Probably item #1 among my nascent collection of Maxims for Nostalgists would go something like this:
Not everybody shares your memories — in fact, few people do. But don’t write off your memories as lively (or misshapen) childhood inventions, either. The Internet tells us so.
Like many stories, the story behind today’s post is longer than the simple facts (or mere common sense) might indicate. I recently received a comment on one of my old (mostly two-part) What’s in a Song posts, the one about “Cry Me a River” (Part 1 of which was here). In the course of replying to the comment, I got involved in re-reading what I’d already posted, checking the links and so on. Naturally, some of these — especially YouTube videos — had broken in the last three years, so I looked around for more current links to the same (or similar) content.
Which got me looking back at the Julie London version of the Mickey Mouse Club‘s sign-off song (“M-i-c, k-e-y…”). Suddenly, unbidden, a mini-avalanche of memories tumbled out of my subconscious, into the full light of awareness — all related to the songs on an old phonograph album, of music featured on the original TV series.
One of the songs on this album was an odd little number partially in some Oriental language — Chinese, I thought, or maybe Korean. It was a song about (according to the English verses) a raccoon, a raccoon who was always hungry. And because he was always hungry he sang — in particular, he sang something which sounded like koink-koink-koink! But that couldn’t be right, could it?
A quick Google search led me straight to this post by someone identified as Mama Lisa — and her many commenters. A gold mine of reassurance!
Turns out that “Sho-Jo-Ji” wasn’t written for the Mickey Mouse Club (as I’d assumed). It’s actually a fairly old Japanese children’s song, about a creature called a Japanese raccoon dog — or tanuki. The song made its appearance during the first season of the Mickey Mouse Club, in November, 1955 (too early for even me to have seen and remembered it from that source). This version doesn’t seem to be available in any commercial form (MP3, iTunes…), but I have found what is darned close to the version I remember (if not the actual thing). The specific signature touch I recall: the prolonged trilling/warbling/musical-free-association between verses.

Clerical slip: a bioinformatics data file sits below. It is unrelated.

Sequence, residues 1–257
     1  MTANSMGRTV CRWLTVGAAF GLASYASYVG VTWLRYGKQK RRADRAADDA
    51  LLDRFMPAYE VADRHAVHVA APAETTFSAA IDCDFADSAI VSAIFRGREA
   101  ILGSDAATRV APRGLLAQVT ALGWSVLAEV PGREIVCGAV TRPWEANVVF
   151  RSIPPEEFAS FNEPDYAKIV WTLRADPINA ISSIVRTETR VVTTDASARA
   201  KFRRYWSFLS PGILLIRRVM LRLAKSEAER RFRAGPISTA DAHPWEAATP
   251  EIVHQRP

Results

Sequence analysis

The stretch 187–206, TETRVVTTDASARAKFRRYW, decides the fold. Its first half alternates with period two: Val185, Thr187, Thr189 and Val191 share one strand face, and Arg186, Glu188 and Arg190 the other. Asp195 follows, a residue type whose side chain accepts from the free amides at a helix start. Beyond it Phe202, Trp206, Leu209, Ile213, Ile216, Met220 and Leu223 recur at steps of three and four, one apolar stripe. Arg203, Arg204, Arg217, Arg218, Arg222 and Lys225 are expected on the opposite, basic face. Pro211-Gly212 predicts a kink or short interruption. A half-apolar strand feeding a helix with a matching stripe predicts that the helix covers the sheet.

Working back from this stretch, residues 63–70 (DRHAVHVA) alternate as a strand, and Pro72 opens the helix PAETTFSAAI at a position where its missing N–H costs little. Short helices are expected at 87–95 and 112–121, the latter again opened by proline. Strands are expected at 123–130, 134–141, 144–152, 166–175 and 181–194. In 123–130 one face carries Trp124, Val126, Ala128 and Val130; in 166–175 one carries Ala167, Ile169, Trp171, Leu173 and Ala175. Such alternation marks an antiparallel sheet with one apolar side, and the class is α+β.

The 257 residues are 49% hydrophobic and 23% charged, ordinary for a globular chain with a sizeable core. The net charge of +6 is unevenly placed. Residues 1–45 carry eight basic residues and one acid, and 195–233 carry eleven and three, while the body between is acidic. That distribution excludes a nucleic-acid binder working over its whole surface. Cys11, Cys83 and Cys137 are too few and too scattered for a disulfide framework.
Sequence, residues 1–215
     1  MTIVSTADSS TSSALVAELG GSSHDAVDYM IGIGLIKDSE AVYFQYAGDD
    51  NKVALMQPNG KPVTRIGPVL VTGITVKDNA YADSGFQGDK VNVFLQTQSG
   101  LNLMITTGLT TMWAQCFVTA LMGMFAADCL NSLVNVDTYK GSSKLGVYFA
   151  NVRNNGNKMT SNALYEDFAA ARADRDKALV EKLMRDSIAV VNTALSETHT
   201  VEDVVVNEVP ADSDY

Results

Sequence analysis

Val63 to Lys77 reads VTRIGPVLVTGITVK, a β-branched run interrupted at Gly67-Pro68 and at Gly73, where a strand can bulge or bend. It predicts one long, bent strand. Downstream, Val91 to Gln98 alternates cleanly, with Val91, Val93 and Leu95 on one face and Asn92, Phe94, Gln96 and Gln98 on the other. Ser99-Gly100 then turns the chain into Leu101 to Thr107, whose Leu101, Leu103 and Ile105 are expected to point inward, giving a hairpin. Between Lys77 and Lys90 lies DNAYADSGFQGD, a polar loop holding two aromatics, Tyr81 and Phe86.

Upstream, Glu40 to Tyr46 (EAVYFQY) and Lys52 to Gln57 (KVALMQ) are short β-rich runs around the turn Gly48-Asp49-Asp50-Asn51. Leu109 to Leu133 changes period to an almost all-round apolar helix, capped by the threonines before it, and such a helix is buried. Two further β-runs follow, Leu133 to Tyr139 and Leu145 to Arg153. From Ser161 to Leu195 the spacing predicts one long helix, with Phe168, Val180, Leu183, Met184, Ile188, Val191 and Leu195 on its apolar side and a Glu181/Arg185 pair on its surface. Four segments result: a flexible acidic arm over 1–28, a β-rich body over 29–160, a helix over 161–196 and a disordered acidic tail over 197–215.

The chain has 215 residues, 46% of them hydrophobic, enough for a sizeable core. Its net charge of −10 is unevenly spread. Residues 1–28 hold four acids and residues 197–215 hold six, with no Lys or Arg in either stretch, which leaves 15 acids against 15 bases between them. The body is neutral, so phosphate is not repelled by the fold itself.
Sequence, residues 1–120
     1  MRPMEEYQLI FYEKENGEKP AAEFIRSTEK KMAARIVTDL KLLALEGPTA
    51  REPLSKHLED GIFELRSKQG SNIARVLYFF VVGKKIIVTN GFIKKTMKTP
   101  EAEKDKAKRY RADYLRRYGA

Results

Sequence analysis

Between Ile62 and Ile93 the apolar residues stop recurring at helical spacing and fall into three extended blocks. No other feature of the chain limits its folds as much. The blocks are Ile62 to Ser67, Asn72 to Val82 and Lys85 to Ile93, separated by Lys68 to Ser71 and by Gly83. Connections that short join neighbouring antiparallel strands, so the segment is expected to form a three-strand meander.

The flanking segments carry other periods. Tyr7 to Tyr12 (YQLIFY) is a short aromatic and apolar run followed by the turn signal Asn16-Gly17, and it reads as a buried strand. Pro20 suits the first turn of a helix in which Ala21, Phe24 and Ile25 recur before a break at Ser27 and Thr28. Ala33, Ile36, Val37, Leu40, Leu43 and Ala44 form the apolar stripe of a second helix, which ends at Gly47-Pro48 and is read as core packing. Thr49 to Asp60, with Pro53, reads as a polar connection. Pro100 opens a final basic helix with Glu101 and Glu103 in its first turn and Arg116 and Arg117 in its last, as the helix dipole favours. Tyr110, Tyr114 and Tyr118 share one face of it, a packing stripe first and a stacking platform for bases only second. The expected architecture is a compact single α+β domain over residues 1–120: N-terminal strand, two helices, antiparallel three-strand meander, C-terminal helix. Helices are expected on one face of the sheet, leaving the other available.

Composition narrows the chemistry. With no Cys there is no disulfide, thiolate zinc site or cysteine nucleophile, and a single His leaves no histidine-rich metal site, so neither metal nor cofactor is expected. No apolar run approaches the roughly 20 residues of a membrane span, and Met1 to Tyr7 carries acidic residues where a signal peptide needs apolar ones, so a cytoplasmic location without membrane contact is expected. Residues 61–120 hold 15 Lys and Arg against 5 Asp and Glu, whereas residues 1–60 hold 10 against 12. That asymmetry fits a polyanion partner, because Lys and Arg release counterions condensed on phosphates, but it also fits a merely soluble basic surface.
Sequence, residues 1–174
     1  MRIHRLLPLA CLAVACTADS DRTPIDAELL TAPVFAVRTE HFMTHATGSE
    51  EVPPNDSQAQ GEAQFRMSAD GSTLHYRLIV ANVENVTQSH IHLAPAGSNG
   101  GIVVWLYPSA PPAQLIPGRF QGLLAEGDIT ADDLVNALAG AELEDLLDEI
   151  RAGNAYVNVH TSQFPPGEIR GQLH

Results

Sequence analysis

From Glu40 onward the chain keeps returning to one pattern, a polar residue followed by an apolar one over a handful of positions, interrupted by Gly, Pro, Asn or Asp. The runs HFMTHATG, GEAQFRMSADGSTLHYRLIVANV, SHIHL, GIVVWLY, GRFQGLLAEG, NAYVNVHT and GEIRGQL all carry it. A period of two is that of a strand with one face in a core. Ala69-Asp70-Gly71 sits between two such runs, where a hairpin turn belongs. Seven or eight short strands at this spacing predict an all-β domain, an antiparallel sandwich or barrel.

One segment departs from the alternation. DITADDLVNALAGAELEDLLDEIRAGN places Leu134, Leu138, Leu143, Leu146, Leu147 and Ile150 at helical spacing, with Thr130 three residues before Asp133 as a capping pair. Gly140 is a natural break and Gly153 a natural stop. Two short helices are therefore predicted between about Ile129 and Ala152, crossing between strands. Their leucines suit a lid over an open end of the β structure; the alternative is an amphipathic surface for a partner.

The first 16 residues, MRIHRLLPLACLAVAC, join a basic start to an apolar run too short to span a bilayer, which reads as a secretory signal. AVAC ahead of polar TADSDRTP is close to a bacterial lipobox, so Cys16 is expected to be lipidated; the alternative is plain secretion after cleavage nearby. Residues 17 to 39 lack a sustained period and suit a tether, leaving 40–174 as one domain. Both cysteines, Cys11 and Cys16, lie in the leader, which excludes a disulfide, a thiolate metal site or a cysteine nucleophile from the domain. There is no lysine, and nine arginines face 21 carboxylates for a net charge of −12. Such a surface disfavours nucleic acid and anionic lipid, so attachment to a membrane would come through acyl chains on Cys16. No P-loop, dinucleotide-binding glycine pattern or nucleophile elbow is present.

The uploader tags this with the year 1957 but I assume that’s the date of the album. (I got the November 1955 date from this page, which seems pretty confident about it.)
As I said, the song has a history. Here’s a vintage (apparently real vintage) Japanese black-and-white cartoon featuring dancing raccoon dogs:
But the oddest little tidbit I found while looking into this was the discovery of a recording by Eartha Kitt, from just about the same time that the song appeared on the Mickey Mouse Club:
By the way, if you’ve got children of your own who are capable of Internet research, you might want to guide their search on this topic. The tanuki stories of Japan, in general form, seem vaguely reminiscent of Native American stories of the entity called Coyote. (You can find a few of them in translated form here.) Tanuki, personified, is a mischievous trickster capable of changing shape at will, often for no particular reason than that he enjoys it. Wikipedia:
Compared with kitsune (foxes), which are the epitome of shape-changing animals, there is the saying that “the fox has seven disguises, the tanuki has eight”… The tanuki is thus superior to the fox in its disguises, but unlike the fox, which changes its form for the sake of tempting people, tanuki do so to fool people and make them seem stupid. There is also the theory that they simply like to change their form.
So far so good. Still cute, right? (I mean, just look at the photo over there on the right. Raccoons themselves cute as a button, of course — but add The Pooch Factor and it can just about make a small-dog lover swoon.)
But the tanuki tales have a somewhat kinkier side, too (kinkier to American readers, anyhow): male tanuki are supposedly blessed with enlarged testicles, which (so goes the legend) bring financial good luck. Some of the artwork playing up this angle carries the hope for good luck to an extreme; the creature itself may occupy a little tiny corner of a two-page spread, say, while the testicles fill the entire remainder. I know I’m revealing a Philistine nature here, but, well… it can be a little, um, ick.
Edit to add: The English-language versions above both feature — if I’m not mistaken — the rhyme:
Macaroons and macaroni
Jelly beans and beef baloney
Which, if I haven’t misheard the lyrics, probably signals a non-literal translation. (It also sort of drags my head in another direction — towards the Chef Boy-Ar-Dee Beefaroni theme song — but please, don’t let me get started on the subject of commercial jingles from the ’50s and ’60s!)